‘Gratitude is the fairest blossom which springs from the soul.’
— Henry Ward Beecher
We are all interested in being the happiest version of ourselves, and practising gratitude is a useful exercise in the pursuit of this worthy goal.
It helps us to maintain a more balanced outlook on life by counteracting our natural tendency to dwell on the negative.
In other words, instead of focusing on what we don’t have or what isn’t going so well, it encourages us to focus on the positive aspects.
One way to achieve this is to keep a gratitude journa l which acts as a written record of positive events you can draw upon when you need a mood boost.
Another way is to play a simple game with your family around the dinner table.
It’s called ‘rose, rose, thorn, bud’ and it comes from the Canadian author Neil Pasricha who wrote the excellent book The Happiness Equation.
Either before or after you’ve enjoyed your meal, each person takes it in turn to say the above flower-themed words accompanied by a moment of reflection.
The word ‘rose’ stands for something good that happened in your day.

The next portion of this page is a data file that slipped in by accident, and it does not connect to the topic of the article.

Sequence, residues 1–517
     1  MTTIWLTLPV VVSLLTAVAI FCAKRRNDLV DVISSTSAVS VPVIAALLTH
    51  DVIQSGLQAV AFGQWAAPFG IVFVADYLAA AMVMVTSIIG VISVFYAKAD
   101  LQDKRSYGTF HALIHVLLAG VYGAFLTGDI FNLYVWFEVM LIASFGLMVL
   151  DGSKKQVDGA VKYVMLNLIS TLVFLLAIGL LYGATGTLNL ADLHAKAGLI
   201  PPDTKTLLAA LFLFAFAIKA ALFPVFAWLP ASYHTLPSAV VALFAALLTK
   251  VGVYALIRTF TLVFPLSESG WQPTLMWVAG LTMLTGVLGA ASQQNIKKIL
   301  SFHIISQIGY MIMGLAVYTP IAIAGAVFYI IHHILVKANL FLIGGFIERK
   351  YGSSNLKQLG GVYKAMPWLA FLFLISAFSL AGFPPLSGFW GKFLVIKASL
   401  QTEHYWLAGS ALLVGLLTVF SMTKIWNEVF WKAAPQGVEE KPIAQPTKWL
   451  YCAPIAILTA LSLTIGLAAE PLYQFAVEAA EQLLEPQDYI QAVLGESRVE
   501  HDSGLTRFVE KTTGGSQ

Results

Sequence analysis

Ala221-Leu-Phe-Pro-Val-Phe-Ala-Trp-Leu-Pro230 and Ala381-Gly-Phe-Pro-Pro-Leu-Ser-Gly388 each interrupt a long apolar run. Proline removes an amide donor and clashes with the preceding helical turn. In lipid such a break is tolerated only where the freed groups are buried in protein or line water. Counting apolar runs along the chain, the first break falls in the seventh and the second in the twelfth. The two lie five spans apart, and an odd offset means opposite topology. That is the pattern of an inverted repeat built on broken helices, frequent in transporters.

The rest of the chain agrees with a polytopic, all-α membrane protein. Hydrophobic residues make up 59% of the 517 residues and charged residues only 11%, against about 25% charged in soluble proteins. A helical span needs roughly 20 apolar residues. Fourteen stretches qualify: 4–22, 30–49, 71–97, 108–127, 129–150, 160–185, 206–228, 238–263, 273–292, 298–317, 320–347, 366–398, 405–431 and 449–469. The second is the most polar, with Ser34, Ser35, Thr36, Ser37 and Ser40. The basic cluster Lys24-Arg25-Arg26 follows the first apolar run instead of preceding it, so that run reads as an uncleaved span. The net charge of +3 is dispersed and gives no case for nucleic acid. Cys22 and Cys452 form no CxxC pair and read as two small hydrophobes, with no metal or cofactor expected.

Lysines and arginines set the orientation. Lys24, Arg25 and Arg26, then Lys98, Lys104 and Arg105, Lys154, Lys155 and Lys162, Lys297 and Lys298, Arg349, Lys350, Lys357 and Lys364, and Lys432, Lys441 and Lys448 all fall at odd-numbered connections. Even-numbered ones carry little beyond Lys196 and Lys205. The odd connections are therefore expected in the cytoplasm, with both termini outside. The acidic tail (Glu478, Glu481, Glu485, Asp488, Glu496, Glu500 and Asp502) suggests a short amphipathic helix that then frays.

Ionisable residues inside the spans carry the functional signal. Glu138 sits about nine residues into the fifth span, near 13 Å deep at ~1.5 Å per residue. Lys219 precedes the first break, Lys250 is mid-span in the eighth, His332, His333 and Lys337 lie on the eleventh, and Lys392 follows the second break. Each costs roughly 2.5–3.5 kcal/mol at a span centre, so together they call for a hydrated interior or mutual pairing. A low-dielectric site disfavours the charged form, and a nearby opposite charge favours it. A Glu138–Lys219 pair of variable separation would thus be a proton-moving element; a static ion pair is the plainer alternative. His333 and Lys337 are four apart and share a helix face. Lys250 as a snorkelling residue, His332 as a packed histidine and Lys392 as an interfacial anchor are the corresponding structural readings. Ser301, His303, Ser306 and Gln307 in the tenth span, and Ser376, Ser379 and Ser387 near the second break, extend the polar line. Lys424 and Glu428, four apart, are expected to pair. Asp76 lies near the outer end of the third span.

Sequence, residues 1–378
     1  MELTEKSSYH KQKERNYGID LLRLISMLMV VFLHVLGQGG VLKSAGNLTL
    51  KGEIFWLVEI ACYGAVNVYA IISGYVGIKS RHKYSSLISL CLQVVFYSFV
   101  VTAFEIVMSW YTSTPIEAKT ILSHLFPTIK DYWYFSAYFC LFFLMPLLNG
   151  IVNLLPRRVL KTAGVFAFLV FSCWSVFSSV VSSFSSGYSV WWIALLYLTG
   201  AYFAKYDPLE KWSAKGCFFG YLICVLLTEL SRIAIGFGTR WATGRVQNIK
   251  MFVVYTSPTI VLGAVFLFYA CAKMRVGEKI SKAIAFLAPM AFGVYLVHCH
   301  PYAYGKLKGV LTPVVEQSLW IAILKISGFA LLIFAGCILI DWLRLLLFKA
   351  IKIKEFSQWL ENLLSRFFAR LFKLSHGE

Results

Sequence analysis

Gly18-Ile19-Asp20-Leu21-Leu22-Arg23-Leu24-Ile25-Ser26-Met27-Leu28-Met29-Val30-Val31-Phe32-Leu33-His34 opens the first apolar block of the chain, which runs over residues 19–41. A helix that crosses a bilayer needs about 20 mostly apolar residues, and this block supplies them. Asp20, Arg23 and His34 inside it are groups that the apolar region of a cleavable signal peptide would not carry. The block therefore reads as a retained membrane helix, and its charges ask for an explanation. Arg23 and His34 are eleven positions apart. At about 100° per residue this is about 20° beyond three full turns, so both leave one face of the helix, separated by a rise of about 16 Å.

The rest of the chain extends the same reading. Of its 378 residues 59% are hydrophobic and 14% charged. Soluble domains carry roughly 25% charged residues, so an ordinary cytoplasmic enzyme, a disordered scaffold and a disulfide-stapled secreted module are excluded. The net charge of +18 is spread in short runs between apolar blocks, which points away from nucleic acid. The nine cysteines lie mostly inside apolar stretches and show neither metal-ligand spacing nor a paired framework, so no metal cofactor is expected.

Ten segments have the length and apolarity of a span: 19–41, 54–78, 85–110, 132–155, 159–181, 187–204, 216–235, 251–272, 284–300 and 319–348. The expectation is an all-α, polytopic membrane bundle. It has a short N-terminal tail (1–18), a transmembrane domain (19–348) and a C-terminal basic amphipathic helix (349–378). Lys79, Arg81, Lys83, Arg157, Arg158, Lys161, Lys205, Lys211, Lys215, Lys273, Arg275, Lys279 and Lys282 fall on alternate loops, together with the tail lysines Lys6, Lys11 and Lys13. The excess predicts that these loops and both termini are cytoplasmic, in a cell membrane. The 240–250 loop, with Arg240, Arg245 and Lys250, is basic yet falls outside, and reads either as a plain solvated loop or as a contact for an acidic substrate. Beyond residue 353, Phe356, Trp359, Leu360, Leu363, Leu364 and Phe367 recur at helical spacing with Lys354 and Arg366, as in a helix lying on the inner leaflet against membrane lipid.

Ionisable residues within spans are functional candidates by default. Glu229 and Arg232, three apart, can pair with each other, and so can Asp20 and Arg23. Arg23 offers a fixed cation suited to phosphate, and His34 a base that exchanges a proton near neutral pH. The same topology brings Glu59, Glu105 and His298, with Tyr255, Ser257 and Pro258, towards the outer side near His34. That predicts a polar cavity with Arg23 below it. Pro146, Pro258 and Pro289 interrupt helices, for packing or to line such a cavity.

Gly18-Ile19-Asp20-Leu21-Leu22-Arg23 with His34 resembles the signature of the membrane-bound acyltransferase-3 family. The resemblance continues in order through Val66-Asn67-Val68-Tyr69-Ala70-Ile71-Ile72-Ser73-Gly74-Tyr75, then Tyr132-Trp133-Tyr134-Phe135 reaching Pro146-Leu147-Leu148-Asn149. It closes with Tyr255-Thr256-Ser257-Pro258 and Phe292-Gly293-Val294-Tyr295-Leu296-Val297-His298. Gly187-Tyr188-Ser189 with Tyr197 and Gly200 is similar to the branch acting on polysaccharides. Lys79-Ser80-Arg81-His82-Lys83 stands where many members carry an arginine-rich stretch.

Think back and recall two positive events and say them out loud. It doesn’t matter how significant they are; the trick is just to acknowledge them.
The word ‘thorn’ is for something that didn’t go so well. Whatever it is, try to share it without passing judgement or feeling shame.
Finally, the word ‘bud’ is for something you’re looking forward to. Again, voice it aloud to the group.
It may sound trivial, but this exercise helps train the mind to see things in a more balanced light and to steer it away from its tendency to favour the negative.
Like anything, the more you practice it, the better it gets and it won’t be long before you find that life seems that little bit rosier than before.